The University of British Columbia
The jaw is the most mobile bone in the human face and is vital to basic actions like talking, eating and breathing. Any damage to the jaw has a drastic impact on one’s quality of life, and each year 700,000 people worldwide who are diagnosed with head and neck cancer face this danger. Reconstructive implants achieve much of the original jaw function, but the intricacy and complexity of the bone and tooth structure in jaws make it difficult to fully restore comfort and usability for patients.
Amir Abdi is developing new ways to model and predict the outcomes of reconstructive jaw surgery. The University of British Columbia graduate student is using three-dimensional scanning, motion tracking, magnetic resonance imaging (MRI) and computed tomography (CT) images to examine the anatomy and movements involved in chewing and swallowing to create a personalized jaw model for patients. Abdi and his team use their model to assess treatment options and predict how well the reconstruction will function after surgery. They re-evaluate the patient after surgery and compare their predictions against the actual outcomes, refining the workflow until they achieve a model that produces reliable predictions.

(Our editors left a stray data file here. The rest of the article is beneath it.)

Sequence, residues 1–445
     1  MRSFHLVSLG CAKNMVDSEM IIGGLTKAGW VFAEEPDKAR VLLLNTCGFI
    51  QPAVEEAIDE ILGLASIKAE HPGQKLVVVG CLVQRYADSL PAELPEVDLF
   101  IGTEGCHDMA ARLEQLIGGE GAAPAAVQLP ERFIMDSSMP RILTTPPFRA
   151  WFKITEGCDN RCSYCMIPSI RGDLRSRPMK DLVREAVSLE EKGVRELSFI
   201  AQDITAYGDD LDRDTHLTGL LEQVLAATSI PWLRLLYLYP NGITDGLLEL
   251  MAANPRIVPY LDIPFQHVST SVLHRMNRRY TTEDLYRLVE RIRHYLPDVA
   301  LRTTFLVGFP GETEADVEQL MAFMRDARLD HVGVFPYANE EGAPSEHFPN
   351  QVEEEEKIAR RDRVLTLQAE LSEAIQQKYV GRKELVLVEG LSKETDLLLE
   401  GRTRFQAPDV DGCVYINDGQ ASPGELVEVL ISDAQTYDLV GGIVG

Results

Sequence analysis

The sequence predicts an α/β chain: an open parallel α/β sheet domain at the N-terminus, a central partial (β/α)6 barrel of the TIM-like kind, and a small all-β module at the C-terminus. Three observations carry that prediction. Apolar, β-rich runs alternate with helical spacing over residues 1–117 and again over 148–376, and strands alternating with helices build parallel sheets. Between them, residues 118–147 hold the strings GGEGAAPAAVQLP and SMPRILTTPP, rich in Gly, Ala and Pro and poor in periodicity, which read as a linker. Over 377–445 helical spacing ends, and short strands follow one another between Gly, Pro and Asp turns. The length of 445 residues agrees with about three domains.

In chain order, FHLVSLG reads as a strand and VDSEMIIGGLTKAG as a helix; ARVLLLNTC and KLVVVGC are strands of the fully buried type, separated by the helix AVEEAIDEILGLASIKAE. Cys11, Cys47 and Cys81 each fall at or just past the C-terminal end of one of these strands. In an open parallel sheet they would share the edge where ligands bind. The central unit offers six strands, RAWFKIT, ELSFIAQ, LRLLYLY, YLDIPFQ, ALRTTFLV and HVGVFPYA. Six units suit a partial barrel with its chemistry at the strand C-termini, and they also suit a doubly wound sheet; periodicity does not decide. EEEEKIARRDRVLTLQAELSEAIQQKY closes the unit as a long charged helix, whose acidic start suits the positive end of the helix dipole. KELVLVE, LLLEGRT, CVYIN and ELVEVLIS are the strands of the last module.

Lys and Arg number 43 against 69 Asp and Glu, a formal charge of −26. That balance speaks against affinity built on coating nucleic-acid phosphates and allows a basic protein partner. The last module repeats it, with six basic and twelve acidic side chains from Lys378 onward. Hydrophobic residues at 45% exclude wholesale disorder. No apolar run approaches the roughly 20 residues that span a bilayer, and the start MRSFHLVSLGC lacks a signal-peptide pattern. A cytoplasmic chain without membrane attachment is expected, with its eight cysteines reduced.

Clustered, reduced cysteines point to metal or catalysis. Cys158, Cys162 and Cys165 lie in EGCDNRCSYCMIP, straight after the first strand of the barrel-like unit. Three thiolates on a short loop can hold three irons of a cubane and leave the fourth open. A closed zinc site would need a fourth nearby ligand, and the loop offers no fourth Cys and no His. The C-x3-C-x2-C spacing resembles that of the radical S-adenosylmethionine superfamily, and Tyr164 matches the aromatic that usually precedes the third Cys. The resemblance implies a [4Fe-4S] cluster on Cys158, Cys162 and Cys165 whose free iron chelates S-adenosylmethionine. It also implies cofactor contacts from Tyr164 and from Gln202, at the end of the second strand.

Abdi’s research will be a major step forward for personalized medicine and will help implant engineers and surgeons plan treatments more efficiently, increasing the quality of life for post-operative patients in Canada and around the world.